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Attack Hobby’s Kugelpanzer In 1/35th Scale

By Valentin “What the hell is that?” Bueno

Check Out Club Meeting: February 2009 Meeting

Featured In: February 2009 Newsletter

Attack Hobby Kugel Panzer in 1/35scale

For more years than I can count, a 1/35th scale kit of the unique and mysterious Kugelpanzer has been my Holy Grail of armor kits. I figured nobody would ever produce a kit of this …thing. From what I have read in articles here and there, this 2 meter tall wheeled bowling ball was supposed to be a German reconnaissance vehicle. A single example of the Kugelpanzer (kugel=ball, panzer=armor) currently resides in the Kubinka Armor museum in Russia.

Attack Hobby Kugel Panzer in 1/35scale

All four parts laid out.

Attack Hobby Kugel Panzer in 1/35scale

The raw parts and the plug to be removed.

Attack models out of the Czech Republic is well known in the 1/72 scale armor world with only a few releases done in 1/35th scale. I believe this is their first full kit release in 1/35th scale. The kit consists of four cream colored resin pieces, the two wheels, the center section and the tail wheel. Casting plugs remain over a large portion of the mating surface of the two wheels and the center section and will require a bit of effort to remove.

Attack Hobby Kugel Panzer in 1/35scale

The three main parts are molded solid, and you can see the chunks of cast off resin thrown into the mold used to reduce the amount of fresh resin needed to make the castings. The surface detail of the wheels is ok. The center section includes some rather anemic looking rivets, but when compared to photos, they look accurate. This kit is cast based on the prototype vehicle and matches the Kubinka example very well.

 

All Together Now

The first order of business was to clean up the molding plugs from the castings. On the wheels, I used 180- grit sandpaper to sand off the plugs. On the center section, I used a cutter head on a Dremel tool to cut/grind off the plug. I finished off the surface with the 180 grit sandpaper. After that, I just glued the parts together with Cyanoacrylate (CA) glue, also known as “super glue”. But wait, that’s not all….. Being the randy bugger that I am, I couldn’t just leave it as a prototype vehicle. To upgrade it to a “what-if” production vehicle, I added a few things. A Notek light from a Tamiya Marder III, support bracket for the Notek light from a DML StuG III, hatch hinges, vision port, pistol port, pick-up loops and exhaust pipes from the same kit, and hand bars from wire solder.

Attack Hobby Kugel Panzer in 1/35scale

The parts primed in Dark Earth.

Slap of the brush

I primed the model with a blast of Tamiya Dark Earth from a spray can. Why Dark Earth instead of German Grey? Simple, I didn’t have any German Grey paint! Besides, the Dark Earth provides a good base color for the dirt weathering to follow. Polly S RLM 66 Scale Black was brush painted onto the center section and the wheels where the mud wasn’t going to be. Does that make sense? I usually paint the undercarriage dark earth, but in this case, there is none and only the two big wheels, so they get the dark earth treatment.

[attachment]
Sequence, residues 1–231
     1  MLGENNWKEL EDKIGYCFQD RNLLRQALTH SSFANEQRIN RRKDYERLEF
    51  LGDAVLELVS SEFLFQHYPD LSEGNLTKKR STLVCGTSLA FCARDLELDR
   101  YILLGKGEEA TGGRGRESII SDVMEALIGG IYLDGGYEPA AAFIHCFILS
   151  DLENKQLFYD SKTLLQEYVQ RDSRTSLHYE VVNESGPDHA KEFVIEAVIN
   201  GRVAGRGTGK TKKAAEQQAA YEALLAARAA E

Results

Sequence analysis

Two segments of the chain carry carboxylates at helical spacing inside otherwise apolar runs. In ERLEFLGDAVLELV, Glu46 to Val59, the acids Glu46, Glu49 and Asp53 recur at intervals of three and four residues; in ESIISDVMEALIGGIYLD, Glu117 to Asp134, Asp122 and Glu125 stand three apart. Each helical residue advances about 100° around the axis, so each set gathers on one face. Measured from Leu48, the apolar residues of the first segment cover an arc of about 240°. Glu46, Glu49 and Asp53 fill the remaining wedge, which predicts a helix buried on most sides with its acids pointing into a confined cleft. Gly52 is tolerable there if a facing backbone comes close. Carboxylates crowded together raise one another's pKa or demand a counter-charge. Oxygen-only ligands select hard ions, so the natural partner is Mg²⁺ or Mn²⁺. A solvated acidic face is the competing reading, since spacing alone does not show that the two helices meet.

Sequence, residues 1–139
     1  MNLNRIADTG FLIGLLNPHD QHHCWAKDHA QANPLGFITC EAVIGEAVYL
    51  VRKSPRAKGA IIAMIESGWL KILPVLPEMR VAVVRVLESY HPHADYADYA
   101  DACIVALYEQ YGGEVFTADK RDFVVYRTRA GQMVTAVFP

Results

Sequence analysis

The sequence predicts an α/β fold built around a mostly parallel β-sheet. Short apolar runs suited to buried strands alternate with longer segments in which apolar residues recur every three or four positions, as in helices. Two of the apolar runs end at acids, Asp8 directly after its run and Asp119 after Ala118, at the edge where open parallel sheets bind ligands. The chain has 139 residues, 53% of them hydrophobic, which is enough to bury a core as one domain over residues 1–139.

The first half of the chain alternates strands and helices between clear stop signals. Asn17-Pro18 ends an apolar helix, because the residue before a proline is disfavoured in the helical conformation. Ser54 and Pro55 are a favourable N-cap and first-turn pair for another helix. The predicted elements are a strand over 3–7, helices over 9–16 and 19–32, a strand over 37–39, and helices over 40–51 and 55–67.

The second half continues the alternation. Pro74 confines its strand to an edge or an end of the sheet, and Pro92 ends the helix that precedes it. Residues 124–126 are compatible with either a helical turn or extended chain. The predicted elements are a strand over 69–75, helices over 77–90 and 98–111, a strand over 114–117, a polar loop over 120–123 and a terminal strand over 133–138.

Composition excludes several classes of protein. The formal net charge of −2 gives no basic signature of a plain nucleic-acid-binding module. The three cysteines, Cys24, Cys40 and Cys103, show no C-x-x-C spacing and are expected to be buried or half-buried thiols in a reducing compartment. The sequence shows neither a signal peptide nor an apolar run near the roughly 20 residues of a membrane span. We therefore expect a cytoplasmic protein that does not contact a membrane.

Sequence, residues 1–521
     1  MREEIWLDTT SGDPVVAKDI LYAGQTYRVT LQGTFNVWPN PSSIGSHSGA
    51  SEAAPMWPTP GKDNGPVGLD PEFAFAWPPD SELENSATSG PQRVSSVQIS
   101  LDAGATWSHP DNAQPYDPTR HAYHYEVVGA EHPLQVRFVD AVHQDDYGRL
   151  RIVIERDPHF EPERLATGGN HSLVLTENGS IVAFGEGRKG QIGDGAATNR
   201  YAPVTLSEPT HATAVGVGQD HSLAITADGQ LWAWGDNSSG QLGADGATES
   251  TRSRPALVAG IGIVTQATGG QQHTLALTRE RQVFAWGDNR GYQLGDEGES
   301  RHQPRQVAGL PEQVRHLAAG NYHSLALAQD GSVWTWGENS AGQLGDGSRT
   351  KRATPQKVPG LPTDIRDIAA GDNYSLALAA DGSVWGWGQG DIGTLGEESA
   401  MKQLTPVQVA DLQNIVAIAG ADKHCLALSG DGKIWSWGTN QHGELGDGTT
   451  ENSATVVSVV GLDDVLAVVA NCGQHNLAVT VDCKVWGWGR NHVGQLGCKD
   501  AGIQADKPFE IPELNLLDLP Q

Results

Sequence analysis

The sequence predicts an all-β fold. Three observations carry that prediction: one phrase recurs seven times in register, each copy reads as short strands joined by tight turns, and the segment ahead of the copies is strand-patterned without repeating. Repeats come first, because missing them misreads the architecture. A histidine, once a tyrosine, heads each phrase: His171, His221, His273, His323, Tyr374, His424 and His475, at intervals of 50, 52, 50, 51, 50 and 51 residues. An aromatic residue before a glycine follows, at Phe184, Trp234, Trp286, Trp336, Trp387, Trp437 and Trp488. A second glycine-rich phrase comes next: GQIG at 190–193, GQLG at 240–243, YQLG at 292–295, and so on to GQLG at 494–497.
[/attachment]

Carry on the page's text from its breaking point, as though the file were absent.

Attack Hobby Kugel Panzer in 1/35scale

RLM 66 Scale Black added to the model.

What’s the Weathering like?

Next was a coat of Polly S Dirt mixed with some MIG Productions European Dirt Powder pastel. This adds some texture to the dirt covered areas of the wheels. I was planning to use Russian Earth and Dark mud colors and the resin binder, but never did.

MIG Productions weathering powders and acrylic resin.

Now I utilized a technique called mapping where I used a mix of RLM 66 and dark earth to create a lighter version of the base color and applied this to the wide open areas in random shapes like continents on a map to break up the monotony of the area. The only real way to get the hang of this technique is to give it a try and see what you get.

Attack Hobby Kugel Panzer in 1/35scale

A wash of thinner and Beach Sand.

I added the first wash of Tamiya Thinner and MIG Productions Beach Sand pastel powder to add a dusty effect to all the crevices and around the rivets. This represents dried dust that collects in these areas.

I applied a final dusting of European Dirt, Russian Earth and Bright Rust (all MIG Productions Pigments) to the model. A #2 Pencil was used to add faint chips and scratches to the edges of hatches and on the wheels as if branches and whatnot rubbed up against the wheels as the vehicle rolled through the underbrush. The Rust was applied to the exhausts to represent the rust that occurs on hot pipes. I also added a few streaks of red and black in a radial pattern emanating from the bolt axle in the center of the wheel.

Attack Hobby Kugel Panzer in 1/35scale

Starboard side of the vehicle.

But Wait, There’s More………NOT!

I was originally going to build a small base for this model due to its propensity to roll (it is a bowling ball after all), but the lack of sufficient real estate in my display shelves nixed that idea. I have enough room for the model, not a display base. Time to thin the herd! So that’s basically it for this model. It was nice to be able to start and finish a model within the same year let alone the same week. OK Mr. Leung of Dragon Models, how about this in plastic with a full interior and engine bay?

Attack Hobby Kugel Panzer in 1/35scale

The model next my first attempt at scratch building it.

  • Kugel Panzer 1-35-01
  • Kugel Panzer 1-35-02
  • Kugel Panzer 1-35-03
  • Kugel Panzer 1-35-04
  • Kugel Panzer 1-35-05
  • Kugel Panzer 1-35-06
  • Kugel Panzer 1-35-07
  • Kugel Panzer 1-35-08
  • Kugel Panzer 1-35-09
  • Kugel Panzer 1-35-10
  • Kugel Panzer 1-35-11
  • Kugel Panzer 1-35-12
  • Kugel Panzer 1-35-13
  • Kugel Panzer 1-35-14
 

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